How I Started Asking For Help
Just kidding. I haven’t. I am very self-sufficient and have been that way for as long as I can remember. In this week’s talk, Pastor Blake continued the series on Moses and the help he received from those around him. God put people in Moses’ life to help him lead the Israelites. God also puts people in our lives because it is not good to be alone.
When I think about how Aaron and Hur helped Moses, I think about a different kind of help – a physical doing of something rather than a spiritual type of doing. For me, I can “do” all day long. I am unlikely to ask for any help that requires a physical doing of something. I cannot, however, “be” easily. That’s where I need the help.
I have a particularly close group of friends with whom I have grown very close in the last year when friends and human interaction had been severely limited. I am so thankful for them. I remember long seasons after college and thru my mid-30s when I wished for a best friend. Just one. Now I have many. This obviously didn’t happen overnight. Time, trust, willingness on my part to be vulnerable has been necessary.
I will find myself during random times in the day thinking that I want to share some thought, failure, prayer request, funny meme, encouraging text or a check-in text with my friends. (We have an insanely long group text.) When I let down my guard to share my vulnerable parts, I believe that helps my friends to be brave to share as well. And when my friends are vulnerable, that makes me even more brave. If no one is brave, then no one is brave. And we all suffer in silence. So, I choose to be brave and vulnerable and show my weaknesses. I do this for two reasons: 1) to be a good friend; and 2) to not fall into old, familiar, patterns of behavior – acting as if everything is fine. My friends listen as well as gently prod. We let each other be a Jethro (Moses’ father-in-law), to each other, pointing out what is “not good.”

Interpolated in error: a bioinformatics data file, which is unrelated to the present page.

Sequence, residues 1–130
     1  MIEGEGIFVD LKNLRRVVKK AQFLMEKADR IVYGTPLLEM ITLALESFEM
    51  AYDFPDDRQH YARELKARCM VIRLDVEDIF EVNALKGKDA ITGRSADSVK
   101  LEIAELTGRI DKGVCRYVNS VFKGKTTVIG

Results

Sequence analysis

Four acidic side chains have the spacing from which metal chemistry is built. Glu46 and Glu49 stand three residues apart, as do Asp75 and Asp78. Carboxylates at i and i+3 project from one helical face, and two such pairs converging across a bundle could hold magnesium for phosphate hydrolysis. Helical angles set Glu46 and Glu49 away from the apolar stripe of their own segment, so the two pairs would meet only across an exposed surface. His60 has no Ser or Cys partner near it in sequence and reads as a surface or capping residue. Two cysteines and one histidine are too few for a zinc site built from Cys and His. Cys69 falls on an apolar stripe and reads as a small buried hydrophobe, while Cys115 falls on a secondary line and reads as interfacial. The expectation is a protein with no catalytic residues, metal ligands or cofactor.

When my friends are brave in their vulnerability, I make sure they know that I think/believe/feel that it’s an honor to be the recipient of the vulnerability. It’s easy to be a friend to someone who doesn’t let you help them carry their burdens, but it’s also shallow and unfulfilling. I’d much rather have a deep friendship that requires work.
I haven’t really mentioned God in this, yet Jesus is the key to all of this. My friends are my sisters in Christ. We love Jesus, and we love each other. That’s our starting point. We know that where two or more are gathered, God is with us. We know that we are meant for community and invest in each other. We know that we are not meant to be alone, so make time for each other. We know that corporate worship is important to our walk, and make that a priority. We love because God first loved us.
I can’t help but think about Moses, in his early years, if he had anyone close to him, advising him? Did Moses have anyone to talk to about his frustrations and not feeling that he felt included with the Egyptians or Israelites? I would have to guess that the answer is no. Perhaps if he did, his first forty years would have looked a lot differently. But no matter what choices we make, even if we completely blow it, God can still use us. We are never too far gone. If you missed this past Sunday’s talk on Moses and Friends, or any others in the series, please click here.